June 16, 2000 Special Dispatch No. 102

...And Now, A Dynastic Republic; Palestinian Intellectuals Mock the Passing of the Presidency in Syria

June 16, 2000
Syria, Palestine | Special Dispatch No. 102

Columnist Fuad Abu Hijla, writes in the PA daily Al-Hayat Al-Jadida[1]:

"Bashar Al-Assad inherits his father's regime in Syria. Nothing is new, and the Arab world is well."

"Arabism is fortunate: most Arab leaders beget sons who are capable of carrying their flags for ever after. Arabism is fortunate that republics turn into dynastic republics by constitutional resolutions accepted by special parliamentary committees within half an hour, and the people take to the streets in huge demonstrations to demand that the [ruling] family continue to rule the country and the slaves."

"Bashar was neither the first nor [will he be] the last to ascend to his father's throne. States are merely trademarks registered in the names of their leaders and their sons. They are wide ranches for the entourage that surrounds the leader and shouts 'the soul and the blood we will give for thee, X.' These cries end with some parched throats and many gifts at the expense of …the poor in these 'special' democracies."

"I do not oppose the appointment of Bashar as President of Syria ...through elections. Nor am I opposed to the transfer of command over the army and security apparatuses, as well as the authority to punish ministers, to the son of any Arab leader. I am not at all disturbed that the son of one of the Arab leaders [i.e. Libya's Kadhafi] takes command of the national soccer team, and I am not at all disturbed when the son of an Arab leader possesses more than half of his country's holding companies and trade agencies... This is the rule by which the Arabs abide. This is an Arab democracy that is unique in character. Most of all, this is human nature."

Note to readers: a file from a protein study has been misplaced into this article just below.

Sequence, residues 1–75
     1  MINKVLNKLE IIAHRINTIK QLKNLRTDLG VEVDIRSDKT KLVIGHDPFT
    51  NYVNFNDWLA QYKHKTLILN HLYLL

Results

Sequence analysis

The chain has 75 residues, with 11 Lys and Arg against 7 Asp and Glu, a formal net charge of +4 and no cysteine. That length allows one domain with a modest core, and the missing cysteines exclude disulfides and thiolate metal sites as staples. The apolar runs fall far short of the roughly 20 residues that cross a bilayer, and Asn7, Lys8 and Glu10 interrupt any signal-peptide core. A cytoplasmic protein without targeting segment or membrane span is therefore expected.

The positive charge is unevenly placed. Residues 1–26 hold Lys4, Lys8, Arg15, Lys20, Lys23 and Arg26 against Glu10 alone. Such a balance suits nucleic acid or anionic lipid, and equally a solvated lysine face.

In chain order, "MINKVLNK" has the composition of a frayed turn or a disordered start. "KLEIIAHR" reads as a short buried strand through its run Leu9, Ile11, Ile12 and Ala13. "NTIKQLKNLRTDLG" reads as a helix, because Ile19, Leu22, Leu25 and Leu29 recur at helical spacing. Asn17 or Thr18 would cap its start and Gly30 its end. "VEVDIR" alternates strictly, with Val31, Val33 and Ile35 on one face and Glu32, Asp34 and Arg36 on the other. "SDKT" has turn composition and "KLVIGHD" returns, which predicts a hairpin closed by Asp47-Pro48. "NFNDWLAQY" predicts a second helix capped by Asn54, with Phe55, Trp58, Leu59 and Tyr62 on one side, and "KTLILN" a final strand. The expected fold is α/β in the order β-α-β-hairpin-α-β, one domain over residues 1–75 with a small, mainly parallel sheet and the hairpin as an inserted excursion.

"All that I care about is that the editor of my paper allows me to publish this article and make sure from now on that his son, Mansour, is appointed chief editor. He should also know that I began training my son, Ayman, to write this column. More importantly, the readers should know that they must train their sons to read the columns that will be written by our sons."

"The merchant should teach his son the [same] trade, and the lover should put a red rose in his son's hand so he will give it to the woman he loves, who in her turn will bequeath love from her mother. The prisoner must tighten the shackles to his son's ankles and the spy must teach his son how to send encrypted messages."

"We should all teach our sons how to live reasonable and even good lives with half the freedom, half the democracy, and half the honor, in halves of homelands."

In an article entitled "...And Now, A Dynastic Republic,"[2] Palestinian author and intellectual Hasan Khadhr writes:

"Hafez Al-Assad died after thirty years of autocratic and totalitarian rule. Al-Assad is no exception to the club of Arab leaders of the second half of the twentieth century. They ruled, and still rule, the same way he did. However, Al-Assad is different by being the first [among leaders of Arab republics] to come up with the idea of forming a ruling dynasty..."

"The first thing I want to discuss is the way the Syrians changed their constitution to allow the heir to ascend to the throne. Amending the constitution requires a lengthy legal process and a referendum. Shortening this period to only half an hour testifies to the scandal of Arab political regimes regarding respect for the constitution on the one hand, and the fragility of the idea of constitution in Arab political culture on the other."